Raghu Karnad the author of “ Farthest Field: An Indian Story of the Second World War” writes in about the new book. It features stories about Parsi soldiers in World War 2.
Three young men gazed at him from silver-framed photographs in his grandmother’s house, ‘beheld but not noticed, as angels are in a frieze full of mortal strugglers’. They had all been in the Second World War, a fact that surprised him. Indians had never figured in his idea of the war, nor the war in his idea of India – and he thought that he had a good idea of both.
One of them, Bobby, even looked a bit like him, but Raghu Karnad had not noticed until he was the same age as they were in their photo-frames. Then he learned about the Parsi boy from the sleepy south Indian coast, so eager to follow his brothers-in-law into the colonial forces and onto the front line. Manek, dashing and confident, was a pilot with India’s fledgling air force; gentle Ganny became an army doctor in the arid North-West Frontier. Bobby’s pursuit would carry him as far as the deserts of Iraq and the green hell of the Burma battlefront.
The years 1939-45 might be the most revered, deplored and replayed in modern history. Yet India’s extraordinary role has been concealed, from itself and from the world. In riveting prose, Karnad retrieves the story of a single family – a story of love, rebellion, loyalty and uncertainty – and with it, the greatest revelation that is India’s Second World War.
Farthest Field narrates the lost epic of India’s war, in which the largest volunteer army in history fought for the British Empire, even as its countrymen fought to be free of it. It carries us from Madras to Peshawar, Egypt to Burma – unfolding the saga of a young family amazed by their swiftly changing world and swept up in its violence.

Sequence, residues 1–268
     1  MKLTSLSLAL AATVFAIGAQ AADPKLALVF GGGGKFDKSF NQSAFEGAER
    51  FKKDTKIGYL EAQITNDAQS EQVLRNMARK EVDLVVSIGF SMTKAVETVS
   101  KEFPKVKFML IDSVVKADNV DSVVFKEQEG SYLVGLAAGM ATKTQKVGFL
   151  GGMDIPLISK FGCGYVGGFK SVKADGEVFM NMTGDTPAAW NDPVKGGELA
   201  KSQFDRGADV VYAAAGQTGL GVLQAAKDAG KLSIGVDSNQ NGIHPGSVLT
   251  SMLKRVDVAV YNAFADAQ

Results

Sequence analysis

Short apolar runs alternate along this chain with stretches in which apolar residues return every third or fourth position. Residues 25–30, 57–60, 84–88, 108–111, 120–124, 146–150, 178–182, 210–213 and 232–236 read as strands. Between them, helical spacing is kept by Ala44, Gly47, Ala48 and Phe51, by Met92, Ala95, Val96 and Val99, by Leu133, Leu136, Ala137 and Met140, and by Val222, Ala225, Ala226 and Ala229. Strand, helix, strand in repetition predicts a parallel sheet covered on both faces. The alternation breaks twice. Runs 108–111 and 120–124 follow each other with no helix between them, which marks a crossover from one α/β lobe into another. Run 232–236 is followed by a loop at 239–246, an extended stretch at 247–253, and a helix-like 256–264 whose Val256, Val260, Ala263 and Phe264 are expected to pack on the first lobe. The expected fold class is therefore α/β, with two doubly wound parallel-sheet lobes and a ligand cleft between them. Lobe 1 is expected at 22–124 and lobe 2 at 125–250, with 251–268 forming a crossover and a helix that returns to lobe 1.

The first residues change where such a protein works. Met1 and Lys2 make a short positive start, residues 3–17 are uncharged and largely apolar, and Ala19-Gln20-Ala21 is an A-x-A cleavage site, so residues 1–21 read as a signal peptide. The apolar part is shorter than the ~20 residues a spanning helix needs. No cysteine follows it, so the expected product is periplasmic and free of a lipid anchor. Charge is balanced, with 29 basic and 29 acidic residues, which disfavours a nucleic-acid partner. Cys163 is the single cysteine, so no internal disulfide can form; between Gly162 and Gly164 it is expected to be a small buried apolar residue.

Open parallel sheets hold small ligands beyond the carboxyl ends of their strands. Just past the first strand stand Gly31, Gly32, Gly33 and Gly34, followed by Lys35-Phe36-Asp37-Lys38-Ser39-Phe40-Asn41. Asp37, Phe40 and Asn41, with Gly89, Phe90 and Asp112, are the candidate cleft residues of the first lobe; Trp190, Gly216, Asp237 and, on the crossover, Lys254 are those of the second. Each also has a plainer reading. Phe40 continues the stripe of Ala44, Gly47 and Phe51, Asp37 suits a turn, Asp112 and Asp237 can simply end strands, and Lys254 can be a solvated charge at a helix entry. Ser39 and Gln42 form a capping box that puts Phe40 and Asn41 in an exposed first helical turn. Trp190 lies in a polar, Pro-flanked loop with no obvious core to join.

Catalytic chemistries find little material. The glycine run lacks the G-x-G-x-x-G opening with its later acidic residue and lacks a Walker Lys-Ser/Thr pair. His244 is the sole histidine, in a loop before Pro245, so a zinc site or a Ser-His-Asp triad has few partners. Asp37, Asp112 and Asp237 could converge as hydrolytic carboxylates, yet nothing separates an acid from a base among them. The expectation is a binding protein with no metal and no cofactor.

Praise for Raghu Karnad:
‘Nothing short of brilliant … [he] engages with matters of real seriousness – the selective nature of military memory and the arbitrary obsessions of the contemporary literary canon … with delicately thoughtful elegance … Completely compelling non-fiction narrative … a poignant pilgrimage’ Simon Schama
‘This book tells us that we all have two deaths: when we die and when we are forgotten. But there is a possibility of three births, the third being recreated in an extraordinary book. One of those rare and extraordinary books which bring people alive again. It has been written with imagination and is engrossing to read’ Michael Holroyd —
- ISBN: 9780008115722
- ISBN 10: 0008115729
- Imprint: William Collins
- On Sale: 04/06/2015
- Format: Hardcover
- Trimsize: 15.300
- Pages: 320
- List Price: £18.99
- BIC1: BTM
- BIC2: HB